- February 19, 2023
Africa’s New Blue Ocean
In the business world, opportunity does not just spring up – it emerges from the convergence of multiple factors. Often, it starts as a hotchpotch of challenges or scattered events and when someone begins to connect the dots, suddenly a potential opportunity becomes apparent. Taking advantage of the opportunity, however, requires action, else it lies dormant. And when it comes to taking action, speed is important, especially for those who want an early advantage. First movers get great advantages but eventually, more businesses move into the sector and the point comes when what looked like a monopoly becomes a commoditized environment; one where competitors undermine each other leading to what has been described by W. Chan Kim and Renée Mauborgne as a “red ocean” environment.
“Red ocean” is a symbolism of the bloody competition that comes with highly competitive environments. Of course, the thrust of Chan and Renee’s book on strategy is about how to avoid the “red ocean” by rather looking for (or creating) uncontested market spaces. Essentially, they argue that there is no point competing in a red ocean when there are open or unoccupied spaces in the “blue ocean” (Blue Ocean Strategy – How to Create Uncontested Market Spaces and Make Competition Irrelevant, 2004).
Nature Ahbors a Vacuum
In physics, empty spaces are deemed to be a deviation from the norm. Since nature abhors a vacuum, the forces of nature quickly occupy emptiness. But what is the nature of empty spaces when it comes to business? Are there really uncontested spaces? And what forms do they appear and is it easy to spot?
Blue ocean studies reveal that the gaps that constitute present challenges become business opportunities when entrepreneurs make the move to fill them and when it comes to that, Africa has an infinite amount of such gaps. Now at 1.4 billion people (as of November 2022), the Africa business ecosystem reveals an unending stretch of blue ocean opportunities entrepreneurs are taking advantage of, from both traditional and unorthodox angles.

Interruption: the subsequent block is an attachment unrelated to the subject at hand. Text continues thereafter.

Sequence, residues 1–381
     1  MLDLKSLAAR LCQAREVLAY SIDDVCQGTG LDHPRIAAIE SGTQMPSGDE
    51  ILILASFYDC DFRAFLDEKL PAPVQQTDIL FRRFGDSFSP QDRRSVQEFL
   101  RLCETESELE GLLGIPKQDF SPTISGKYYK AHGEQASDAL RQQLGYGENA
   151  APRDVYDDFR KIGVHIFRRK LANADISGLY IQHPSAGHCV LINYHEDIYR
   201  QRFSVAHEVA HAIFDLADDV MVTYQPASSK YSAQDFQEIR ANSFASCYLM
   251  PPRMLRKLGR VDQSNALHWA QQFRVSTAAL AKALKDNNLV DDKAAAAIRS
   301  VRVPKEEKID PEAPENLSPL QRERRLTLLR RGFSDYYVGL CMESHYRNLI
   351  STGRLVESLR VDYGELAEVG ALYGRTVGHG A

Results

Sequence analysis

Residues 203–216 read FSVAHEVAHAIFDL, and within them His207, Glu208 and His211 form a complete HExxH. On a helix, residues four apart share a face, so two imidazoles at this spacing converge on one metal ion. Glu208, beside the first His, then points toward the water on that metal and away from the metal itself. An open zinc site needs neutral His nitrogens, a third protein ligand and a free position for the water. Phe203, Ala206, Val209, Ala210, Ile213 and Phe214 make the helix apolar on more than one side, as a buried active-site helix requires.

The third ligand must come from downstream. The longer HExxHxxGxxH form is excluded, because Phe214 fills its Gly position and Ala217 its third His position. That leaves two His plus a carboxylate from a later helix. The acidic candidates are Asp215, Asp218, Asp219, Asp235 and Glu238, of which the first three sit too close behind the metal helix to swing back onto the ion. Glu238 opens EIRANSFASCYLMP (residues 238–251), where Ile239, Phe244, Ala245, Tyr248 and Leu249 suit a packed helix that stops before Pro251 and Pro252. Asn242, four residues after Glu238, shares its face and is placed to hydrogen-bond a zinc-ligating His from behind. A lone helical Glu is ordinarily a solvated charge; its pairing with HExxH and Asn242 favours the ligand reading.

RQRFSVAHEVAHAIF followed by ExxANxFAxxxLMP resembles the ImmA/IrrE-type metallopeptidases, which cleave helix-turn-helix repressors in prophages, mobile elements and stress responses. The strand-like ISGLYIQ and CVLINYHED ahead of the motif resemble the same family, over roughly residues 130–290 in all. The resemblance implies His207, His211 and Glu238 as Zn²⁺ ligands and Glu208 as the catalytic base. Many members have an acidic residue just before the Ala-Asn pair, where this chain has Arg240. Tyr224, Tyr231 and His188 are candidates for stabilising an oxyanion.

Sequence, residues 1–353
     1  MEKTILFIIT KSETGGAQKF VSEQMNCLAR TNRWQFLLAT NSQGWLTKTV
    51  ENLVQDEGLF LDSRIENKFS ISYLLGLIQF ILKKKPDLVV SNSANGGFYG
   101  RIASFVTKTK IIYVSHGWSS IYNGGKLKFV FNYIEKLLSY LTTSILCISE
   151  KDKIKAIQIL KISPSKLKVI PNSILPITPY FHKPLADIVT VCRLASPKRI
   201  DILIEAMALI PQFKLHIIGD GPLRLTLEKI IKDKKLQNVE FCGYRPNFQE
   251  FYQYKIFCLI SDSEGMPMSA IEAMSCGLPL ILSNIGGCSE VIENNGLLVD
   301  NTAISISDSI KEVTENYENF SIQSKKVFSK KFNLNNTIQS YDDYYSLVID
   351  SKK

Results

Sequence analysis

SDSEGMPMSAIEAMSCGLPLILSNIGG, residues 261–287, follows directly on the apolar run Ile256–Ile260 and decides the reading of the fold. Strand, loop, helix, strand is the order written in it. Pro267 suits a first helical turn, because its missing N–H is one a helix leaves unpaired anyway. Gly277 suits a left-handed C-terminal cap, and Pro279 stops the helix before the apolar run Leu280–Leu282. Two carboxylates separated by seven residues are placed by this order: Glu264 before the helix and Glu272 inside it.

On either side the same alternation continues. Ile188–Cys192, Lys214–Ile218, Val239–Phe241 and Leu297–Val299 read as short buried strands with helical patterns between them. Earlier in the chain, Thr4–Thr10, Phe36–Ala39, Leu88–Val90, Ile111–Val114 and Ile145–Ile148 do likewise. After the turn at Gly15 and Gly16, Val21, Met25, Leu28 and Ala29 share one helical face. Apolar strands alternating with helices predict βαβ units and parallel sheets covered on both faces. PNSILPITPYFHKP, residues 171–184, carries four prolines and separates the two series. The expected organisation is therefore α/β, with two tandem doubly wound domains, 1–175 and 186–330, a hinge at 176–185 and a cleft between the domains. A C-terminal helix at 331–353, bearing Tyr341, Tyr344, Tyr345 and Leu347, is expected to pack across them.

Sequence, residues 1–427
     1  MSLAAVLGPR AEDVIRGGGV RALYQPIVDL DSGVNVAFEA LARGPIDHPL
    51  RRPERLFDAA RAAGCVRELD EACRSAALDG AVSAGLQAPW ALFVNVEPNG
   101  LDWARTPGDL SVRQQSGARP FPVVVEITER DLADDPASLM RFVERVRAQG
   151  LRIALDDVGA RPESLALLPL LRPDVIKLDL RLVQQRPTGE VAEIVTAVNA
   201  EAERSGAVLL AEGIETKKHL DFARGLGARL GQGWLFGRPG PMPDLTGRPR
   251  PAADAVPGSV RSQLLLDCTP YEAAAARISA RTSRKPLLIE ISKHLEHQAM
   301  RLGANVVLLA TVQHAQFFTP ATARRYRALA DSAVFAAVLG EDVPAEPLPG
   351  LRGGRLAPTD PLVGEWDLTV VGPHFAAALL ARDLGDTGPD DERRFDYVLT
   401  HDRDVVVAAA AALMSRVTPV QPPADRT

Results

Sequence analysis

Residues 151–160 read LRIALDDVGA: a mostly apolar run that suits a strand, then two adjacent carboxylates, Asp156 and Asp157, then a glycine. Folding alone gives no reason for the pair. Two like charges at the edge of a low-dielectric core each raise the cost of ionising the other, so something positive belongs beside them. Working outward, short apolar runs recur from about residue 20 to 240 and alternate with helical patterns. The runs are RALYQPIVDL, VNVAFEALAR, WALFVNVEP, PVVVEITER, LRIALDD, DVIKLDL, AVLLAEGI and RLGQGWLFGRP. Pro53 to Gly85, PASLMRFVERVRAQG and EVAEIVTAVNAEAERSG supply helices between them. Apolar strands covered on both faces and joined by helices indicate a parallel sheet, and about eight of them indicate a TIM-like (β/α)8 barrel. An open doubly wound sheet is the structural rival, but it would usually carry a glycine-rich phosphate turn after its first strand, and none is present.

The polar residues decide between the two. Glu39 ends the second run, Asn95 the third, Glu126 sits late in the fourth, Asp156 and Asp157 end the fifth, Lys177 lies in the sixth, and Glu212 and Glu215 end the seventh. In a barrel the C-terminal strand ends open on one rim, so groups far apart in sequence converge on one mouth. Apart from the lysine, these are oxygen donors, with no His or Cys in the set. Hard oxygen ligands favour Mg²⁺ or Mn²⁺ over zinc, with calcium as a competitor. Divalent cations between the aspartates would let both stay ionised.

Technology, Illiteracy & Agribusiness
Apparently, examples of blue ocean gaps are not so difficult to find. Recently, even the low level of literacy among the farming community has suddenly become an opportunity. This became real when Agrixtech (Cameroon) launched an app that uses text and voice recognition technology in several local languages to equip farmers with the technical know-how to help them adopt a better crop pest and disease management strategy on their farms. The app also helps farmers through the agricultural production cycle by giving advice and task reminders, irrespective of level of education. Similarly, in Nigeria, Farmcrowdy has enabled access to market and finance by creating a platform that connects hundreds of thousands of participants in the food value chain to enhance their chances of tapping into crowd funding. It also guides them on how to get better yields. Another example in the agribusiness sector is revealed by Agfunder, a venture capital firm become a buzz word and a major corporate strategy option in Africa and there are many examples.
The much talked about Dangote Petrochemical Complex in Nigeria comes to mind. Ranked thas the world’s 7 largest integrated refinery and petrochemical project, it has a capacity of 650,000 barrels of oil per day, will meet Nigeria’s petroleum product needs and has surplus supply to the rest of Africa. In addition, it will generate 12,000 Megawatts of electricity and create 30,000 direct and indirect jobs. At a Capex of US$19 billion, the sponsors include Standard Chartered Bank, NNPC, and United States Trade and Development Agency. That is by no means the only mega project making news on the continent. There is also the East Africa focused on food and agric tech. According to their 2022 Africa AgriFoodTech Investment Report, in the past five (5) years, early-stage investors have pumped more than $1 billion into African startups innovating for the food and agriculture industry and achieving a record-breaking US$482 million in 2021 alone. That was a 250% jump year-over-year, but still represents less than 1% of global agrifoodtech investment.